Thursday, June 30, 2016

No Holds Barred: Considering the "Strawberry" Moon

Full Strawberry Moon on the June 20th Solstice.
By Blair Sabol

It all started with this past June 20th Solstice and Full "Strawberry" Moon. Rarely do the full moon and the solstice arrive together. The last time was 1967’s “Summer of Love” which later ended in demonstrations and national unrest.
Astrologers are going crazy over this recent convergence. Some actually call it a period of “Disruption and Collaboration.” But what does that mean?So .... Macy’s just fired their chief executive Terry Lundgren and closed 10 more stores. Dior dumped their fashion Director for Valentino, Maria Grazia Chiuri (do people really care about all the “fashion house” directorial changes?), and the seemingly successful “Shuffle Along on Broadway” announced its closing. Not to mention the June 24th Brexit, which was the post-full moon/solstice, highlighted “Big Bang” (by the way, the next solstice/full moon will be in 70 years — if we all live that long).
But the past two weeks “Strawberry Solstice” had its own “after-shocks.” Of course, TV now holds the cultural deck or hand. You had Game of Thrones’ “Battle of the Bastards” (isn’t that the title of our current Presidential election race?) episode, which crashed HBO’s network with its largest viewership. The next night was ESPN’s “O.J.: Made in America” series that also became the highest-ranking documentary of the year.

The OJ story really delivered some residual weight – not just as the “Trial of the Century” but the story of our country at a certain time and place. “O.J.: Made in America” displayed the issue of race, celebrity, justice and lifestyle in the '90s, all in a week. It was historic from the white Bronco, to glitzy Brentwood, to “if-it-doesn’t-fit-you-must-acquit” leather glove, to Fred Goldman’s sobbing finale to Faye Resnick’s love affair with Nicole Simpson to Marcia Clark’s hairstyle – right up to O.J. today in jail resembling an even more bloated and destroyed Bill Cosby. And throw in Rodney King’s trial and O.J. saying “I’m not black, I’m O.J.” It was classic!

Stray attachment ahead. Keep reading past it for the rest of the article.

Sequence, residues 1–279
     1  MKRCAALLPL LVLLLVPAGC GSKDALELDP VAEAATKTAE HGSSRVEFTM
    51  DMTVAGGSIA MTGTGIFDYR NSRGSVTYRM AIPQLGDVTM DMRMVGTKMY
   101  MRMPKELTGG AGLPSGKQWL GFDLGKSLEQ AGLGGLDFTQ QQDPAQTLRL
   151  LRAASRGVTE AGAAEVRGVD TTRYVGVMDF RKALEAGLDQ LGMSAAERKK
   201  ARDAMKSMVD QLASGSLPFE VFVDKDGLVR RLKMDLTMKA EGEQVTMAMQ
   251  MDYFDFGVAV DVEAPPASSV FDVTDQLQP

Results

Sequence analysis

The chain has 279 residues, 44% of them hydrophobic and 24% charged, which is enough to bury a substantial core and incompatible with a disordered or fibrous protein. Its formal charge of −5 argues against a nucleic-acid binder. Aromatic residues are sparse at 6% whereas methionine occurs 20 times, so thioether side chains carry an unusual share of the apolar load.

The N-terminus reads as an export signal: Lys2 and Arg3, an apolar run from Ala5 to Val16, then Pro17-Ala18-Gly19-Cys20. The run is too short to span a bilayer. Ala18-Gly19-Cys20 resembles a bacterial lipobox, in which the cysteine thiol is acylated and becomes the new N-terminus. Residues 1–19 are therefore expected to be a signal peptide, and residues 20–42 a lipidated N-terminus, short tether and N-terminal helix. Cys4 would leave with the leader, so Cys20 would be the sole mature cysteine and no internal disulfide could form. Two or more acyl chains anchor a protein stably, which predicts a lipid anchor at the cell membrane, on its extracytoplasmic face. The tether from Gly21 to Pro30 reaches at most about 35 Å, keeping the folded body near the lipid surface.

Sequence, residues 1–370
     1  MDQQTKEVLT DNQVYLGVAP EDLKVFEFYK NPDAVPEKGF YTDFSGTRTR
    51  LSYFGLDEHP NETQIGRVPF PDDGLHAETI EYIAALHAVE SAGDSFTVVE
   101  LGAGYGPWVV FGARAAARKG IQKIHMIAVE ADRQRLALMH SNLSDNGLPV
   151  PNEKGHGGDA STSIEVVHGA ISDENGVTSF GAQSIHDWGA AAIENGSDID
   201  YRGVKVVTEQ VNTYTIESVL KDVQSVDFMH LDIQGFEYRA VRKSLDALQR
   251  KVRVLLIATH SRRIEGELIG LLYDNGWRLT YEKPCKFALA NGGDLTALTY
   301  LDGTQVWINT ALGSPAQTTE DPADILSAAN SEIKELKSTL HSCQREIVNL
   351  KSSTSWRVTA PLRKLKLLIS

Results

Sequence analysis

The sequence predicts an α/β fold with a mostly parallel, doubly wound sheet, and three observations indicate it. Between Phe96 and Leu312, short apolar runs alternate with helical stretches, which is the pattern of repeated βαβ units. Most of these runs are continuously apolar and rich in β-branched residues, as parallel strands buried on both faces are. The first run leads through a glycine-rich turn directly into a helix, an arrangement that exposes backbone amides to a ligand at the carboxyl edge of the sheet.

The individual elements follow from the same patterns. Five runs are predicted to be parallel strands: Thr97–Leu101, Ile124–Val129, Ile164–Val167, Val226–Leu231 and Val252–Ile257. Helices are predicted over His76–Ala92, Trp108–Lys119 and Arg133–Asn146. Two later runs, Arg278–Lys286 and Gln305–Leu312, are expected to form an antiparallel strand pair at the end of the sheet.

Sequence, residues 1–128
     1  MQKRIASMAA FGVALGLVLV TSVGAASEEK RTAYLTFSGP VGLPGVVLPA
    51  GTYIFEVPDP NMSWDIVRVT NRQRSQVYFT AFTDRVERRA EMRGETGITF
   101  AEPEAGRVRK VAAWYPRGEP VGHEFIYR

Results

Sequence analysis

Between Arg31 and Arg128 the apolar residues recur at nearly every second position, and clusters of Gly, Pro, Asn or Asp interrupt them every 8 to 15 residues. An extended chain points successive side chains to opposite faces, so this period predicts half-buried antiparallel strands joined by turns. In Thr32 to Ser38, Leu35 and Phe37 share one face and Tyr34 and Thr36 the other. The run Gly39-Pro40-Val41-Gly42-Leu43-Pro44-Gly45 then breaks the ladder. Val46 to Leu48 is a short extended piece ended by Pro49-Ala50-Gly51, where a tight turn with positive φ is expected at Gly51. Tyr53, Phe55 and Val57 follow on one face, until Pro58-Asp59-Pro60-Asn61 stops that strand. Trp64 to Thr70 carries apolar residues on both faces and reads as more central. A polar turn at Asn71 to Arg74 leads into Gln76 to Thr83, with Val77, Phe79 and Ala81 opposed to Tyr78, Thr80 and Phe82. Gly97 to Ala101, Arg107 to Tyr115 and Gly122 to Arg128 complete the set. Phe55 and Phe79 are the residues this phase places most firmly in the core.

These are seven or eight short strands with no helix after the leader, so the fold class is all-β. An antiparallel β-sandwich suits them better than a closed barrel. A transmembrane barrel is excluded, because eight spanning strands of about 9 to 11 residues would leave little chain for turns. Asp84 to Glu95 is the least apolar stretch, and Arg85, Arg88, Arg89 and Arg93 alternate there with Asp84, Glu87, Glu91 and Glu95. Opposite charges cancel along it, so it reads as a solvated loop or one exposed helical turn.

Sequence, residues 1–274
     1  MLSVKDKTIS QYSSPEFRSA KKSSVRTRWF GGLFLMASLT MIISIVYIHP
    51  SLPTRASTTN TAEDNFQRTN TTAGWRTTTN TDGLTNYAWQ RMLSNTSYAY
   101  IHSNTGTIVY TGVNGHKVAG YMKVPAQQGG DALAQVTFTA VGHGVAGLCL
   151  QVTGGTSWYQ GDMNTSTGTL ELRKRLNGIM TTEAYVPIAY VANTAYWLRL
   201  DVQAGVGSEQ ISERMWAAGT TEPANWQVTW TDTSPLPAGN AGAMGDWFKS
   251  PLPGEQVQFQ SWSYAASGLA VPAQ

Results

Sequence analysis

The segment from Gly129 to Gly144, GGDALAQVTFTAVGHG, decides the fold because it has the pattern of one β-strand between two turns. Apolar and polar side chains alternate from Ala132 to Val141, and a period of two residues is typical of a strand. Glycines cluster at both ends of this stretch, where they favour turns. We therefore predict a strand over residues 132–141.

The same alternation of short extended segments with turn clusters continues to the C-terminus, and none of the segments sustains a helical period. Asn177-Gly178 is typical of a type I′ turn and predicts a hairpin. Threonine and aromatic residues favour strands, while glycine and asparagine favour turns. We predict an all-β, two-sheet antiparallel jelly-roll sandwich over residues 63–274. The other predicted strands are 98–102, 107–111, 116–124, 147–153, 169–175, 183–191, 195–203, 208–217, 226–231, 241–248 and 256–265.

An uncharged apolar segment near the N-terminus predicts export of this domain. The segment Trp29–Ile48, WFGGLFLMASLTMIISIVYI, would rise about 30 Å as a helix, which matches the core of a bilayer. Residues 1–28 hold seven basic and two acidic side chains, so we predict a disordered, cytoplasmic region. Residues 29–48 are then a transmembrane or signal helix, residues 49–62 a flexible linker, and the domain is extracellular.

The O.J. story ended with him and his buddy Robert Kardashian (post trial) watching “Keeping up with the Kardashians.” You see him turn to Bob and say, “this show will never make it.”

And Look where we are now ... we have become The Kardashian Nation. This was O.J.’s Legacy! And now this is our national history.
But lately, everyone is feeling the “pins and needles” of change. My friend and Regan Arts publisher Judith Regan recently told me about the difficulty of hiring help nowadays and how no one is committed to working. “I call it entitlement disorder. They work for a day and leave. For them it is like a Tinder date. You immediately swipe to your next gig ... and keep doe-si-doe-ing through your life.” Another bad side of technology – “swiping” has become a way of deny-ing. Not just moving on.

Even the “full moon” edition of the National Enquirer had the front page story on Hillary entitled “Hilary Will Never Be President” with an amazing top-secret report of all of “crimes and misdemeanors.” It was a terrific “Cliffs Notes” version for those of us who can’t keep her “investigations” straight. Ok, it was the National Enquirer. But hey, don’t forget they broke the Monica Lewinsky scandal. Then again, I can’t believe the current headline with Cher “Dying and Broke.” Another post-Strawberry solstice upset!